In his 2008 essay “Seven Types of Forgetting,” Connerton offers a preliminary taxonomy of forgetting: as
- repressive erasure (as in totalitarian makeovers of history, e.g. after the Norman Conquest or in Futurism);
- prescriptive forgetting (as in Charles’ general pardon on his return to the throne in 1660);
- forgetting that is constitutive in the formation of a new identity (as in narratives of modernity as the transformation of feudalism by capitalism with its concomitant emancipation of individuals);
- structural amnesia (as in patri- or matrilinealism in genealogy);
- forgetting as annulment (as in the growth of archives and computers);
- forgetting as planned obsolescence (as in the — ever-shortening — “product life cycle”); and
- forgetting as humiliated silence (as in the case of defeated nations in war).
The agents of Types 1 and 2 are states, governments or ruling parties, and, in the case of the art museum, the gallery’s curators as bearers of western culture or a national or regional inflection of it. The agents of Types 3 and 4 are more varied; they may be individuals, couples, families or kin groups. The agents of Type 5 are both individuals and groups of various sizes (for example, families and large corporations) and societies and cultures as a whole. The agents of Type 6 are the members of an entire system of economic production. The agent of Type 7 is not necessarily but most commonly civil society.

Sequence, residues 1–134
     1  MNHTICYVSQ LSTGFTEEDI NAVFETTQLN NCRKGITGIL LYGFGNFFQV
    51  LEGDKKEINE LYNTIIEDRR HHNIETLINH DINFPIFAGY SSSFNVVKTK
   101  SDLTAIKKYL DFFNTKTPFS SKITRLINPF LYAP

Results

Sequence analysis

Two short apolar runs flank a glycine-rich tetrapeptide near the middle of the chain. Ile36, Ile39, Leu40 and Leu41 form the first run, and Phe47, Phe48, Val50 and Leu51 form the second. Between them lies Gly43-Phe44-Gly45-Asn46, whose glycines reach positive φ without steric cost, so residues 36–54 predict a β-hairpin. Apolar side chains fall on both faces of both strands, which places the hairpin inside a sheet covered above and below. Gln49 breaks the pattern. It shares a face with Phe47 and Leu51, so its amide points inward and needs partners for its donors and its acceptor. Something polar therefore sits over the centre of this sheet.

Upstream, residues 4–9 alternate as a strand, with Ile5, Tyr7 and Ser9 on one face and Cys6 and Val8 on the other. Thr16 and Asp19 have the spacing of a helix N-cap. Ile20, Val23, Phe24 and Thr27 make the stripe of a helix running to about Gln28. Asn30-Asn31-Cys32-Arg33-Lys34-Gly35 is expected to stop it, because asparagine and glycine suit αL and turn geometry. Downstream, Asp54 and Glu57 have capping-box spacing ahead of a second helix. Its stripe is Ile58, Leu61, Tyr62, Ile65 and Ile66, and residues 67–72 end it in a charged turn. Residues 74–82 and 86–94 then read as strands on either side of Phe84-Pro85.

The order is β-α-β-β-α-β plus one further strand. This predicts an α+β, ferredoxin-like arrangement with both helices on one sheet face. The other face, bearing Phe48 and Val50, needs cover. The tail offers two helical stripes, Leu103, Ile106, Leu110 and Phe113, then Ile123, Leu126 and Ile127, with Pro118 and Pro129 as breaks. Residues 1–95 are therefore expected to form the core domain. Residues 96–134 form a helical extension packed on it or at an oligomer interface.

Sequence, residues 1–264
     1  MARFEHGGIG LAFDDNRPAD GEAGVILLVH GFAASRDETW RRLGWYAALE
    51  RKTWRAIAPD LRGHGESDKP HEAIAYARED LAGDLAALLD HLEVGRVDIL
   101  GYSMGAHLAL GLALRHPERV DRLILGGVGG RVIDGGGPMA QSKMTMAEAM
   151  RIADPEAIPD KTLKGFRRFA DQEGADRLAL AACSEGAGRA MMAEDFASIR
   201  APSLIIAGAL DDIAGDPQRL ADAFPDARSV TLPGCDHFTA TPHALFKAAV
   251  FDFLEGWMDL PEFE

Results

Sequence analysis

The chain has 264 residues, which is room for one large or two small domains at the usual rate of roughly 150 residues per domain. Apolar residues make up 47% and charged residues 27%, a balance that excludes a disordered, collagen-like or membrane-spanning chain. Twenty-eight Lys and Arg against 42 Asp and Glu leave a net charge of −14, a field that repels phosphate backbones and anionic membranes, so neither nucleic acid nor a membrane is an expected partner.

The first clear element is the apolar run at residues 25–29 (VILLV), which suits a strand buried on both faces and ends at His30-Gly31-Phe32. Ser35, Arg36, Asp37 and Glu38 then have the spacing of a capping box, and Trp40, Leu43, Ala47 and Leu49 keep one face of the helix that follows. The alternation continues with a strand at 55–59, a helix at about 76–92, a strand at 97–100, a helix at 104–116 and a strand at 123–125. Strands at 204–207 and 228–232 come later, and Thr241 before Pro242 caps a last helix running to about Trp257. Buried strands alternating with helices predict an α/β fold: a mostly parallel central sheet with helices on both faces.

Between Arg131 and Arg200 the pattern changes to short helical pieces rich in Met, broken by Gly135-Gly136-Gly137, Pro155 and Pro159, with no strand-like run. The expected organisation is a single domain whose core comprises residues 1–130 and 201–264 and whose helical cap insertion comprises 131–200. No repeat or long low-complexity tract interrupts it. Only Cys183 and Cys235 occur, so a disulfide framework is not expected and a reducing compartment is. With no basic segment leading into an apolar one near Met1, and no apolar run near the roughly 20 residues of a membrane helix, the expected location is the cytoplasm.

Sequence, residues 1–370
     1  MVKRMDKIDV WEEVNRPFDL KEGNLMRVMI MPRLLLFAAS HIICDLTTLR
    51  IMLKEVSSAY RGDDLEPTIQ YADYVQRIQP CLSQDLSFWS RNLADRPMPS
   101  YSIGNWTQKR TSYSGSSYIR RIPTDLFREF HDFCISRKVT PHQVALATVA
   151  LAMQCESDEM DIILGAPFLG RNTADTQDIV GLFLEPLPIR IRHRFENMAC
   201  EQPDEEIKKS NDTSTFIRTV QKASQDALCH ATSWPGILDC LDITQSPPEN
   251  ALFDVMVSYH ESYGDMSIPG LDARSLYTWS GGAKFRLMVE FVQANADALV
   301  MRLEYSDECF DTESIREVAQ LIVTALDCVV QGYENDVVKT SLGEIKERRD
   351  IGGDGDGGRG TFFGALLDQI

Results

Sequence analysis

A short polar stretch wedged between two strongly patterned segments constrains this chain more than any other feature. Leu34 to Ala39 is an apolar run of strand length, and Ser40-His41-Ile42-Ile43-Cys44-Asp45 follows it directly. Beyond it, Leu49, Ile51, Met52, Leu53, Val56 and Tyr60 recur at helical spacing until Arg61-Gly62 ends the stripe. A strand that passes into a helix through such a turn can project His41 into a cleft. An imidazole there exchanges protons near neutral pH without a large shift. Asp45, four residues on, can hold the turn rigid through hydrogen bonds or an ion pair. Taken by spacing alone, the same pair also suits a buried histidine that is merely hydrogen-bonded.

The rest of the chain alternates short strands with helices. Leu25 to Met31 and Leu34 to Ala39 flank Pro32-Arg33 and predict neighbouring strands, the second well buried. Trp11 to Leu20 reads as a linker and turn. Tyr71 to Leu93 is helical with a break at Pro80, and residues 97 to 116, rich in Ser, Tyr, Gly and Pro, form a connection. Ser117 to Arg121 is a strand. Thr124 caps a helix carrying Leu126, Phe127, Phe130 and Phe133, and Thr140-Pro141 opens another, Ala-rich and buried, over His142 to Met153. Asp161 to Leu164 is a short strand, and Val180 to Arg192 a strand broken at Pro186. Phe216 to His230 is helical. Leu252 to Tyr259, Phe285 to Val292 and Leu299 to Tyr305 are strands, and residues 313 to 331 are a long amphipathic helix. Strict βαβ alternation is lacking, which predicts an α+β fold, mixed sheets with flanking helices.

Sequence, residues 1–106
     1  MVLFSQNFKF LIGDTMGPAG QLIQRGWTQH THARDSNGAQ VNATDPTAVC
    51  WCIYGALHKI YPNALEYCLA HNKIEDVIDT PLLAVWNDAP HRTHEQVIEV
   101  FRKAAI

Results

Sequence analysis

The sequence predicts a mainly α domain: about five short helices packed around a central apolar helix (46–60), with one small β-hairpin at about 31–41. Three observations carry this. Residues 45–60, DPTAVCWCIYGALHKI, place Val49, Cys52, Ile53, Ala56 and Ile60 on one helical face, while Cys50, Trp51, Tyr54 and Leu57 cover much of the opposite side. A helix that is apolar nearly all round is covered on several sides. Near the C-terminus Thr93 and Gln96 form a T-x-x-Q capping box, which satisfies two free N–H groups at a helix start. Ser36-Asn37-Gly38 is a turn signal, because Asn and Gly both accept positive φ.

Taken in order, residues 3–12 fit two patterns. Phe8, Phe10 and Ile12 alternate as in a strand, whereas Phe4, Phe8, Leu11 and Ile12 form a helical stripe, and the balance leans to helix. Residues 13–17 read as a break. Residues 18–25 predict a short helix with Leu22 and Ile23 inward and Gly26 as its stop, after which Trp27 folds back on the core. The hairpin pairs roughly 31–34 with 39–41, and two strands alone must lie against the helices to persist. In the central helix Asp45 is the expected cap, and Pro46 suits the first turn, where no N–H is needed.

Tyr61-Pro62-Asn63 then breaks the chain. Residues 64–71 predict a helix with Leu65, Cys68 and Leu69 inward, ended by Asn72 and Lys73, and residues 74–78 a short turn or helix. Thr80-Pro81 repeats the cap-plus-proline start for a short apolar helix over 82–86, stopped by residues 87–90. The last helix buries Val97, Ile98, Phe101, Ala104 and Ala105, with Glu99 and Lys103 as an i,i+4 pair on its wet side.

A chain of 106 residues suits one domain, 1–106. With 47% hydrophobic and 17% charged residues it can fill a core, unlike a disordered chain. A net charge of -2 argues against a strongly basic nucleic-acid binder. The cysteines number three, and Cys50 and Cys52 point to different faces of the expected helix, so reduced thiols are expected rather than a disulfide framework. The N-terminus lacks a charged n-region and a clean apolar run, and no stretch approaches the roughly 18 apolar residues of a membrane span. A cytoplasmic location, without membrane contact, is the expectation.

Paul Connerton. Seven Types of Forgetting. Memory Studies 1.1 (2008): 59-71.
See Jeffrey Kastner, Sina Najafi and Paul Connerton. Historical Amnesias: An Interview with Paul Connerton. Cabinet 42: Forgetting (Summer 2011).
In The Book of Laughter and Forgetting, Milan Kundera wrote: “The struggle of man against power is the struggle of memory against forgetting.” This perspective—one that bears the marks of life under a totalitarian regime in which repression often took the form of enforced forgetting—assumes that remembering is always a virtue and that not doing so is necessarily a failing. But despite dominating much of the debate on cultural memory, this perspective elides the many differences between all the various acts that we cluster under the term “forgetting.” Are all acts of forgetting similar enough that we can think of them, always and necessarily, as a failure? Can forgetting in fact even be a virtue? And how do we understand the relationship between what needs to be forgotten in order for other things to be remembered?
N.B. See, of course, Stephen Turner, “Settlement as Forgetting,” Quicksands: Foundational Histories in Australia and Aotearoa New Zealand, ed. Klaus Neumann, Nicholas Thomas and Hilary Ericksen (Sydney: UNSW P, 1999) 20-38.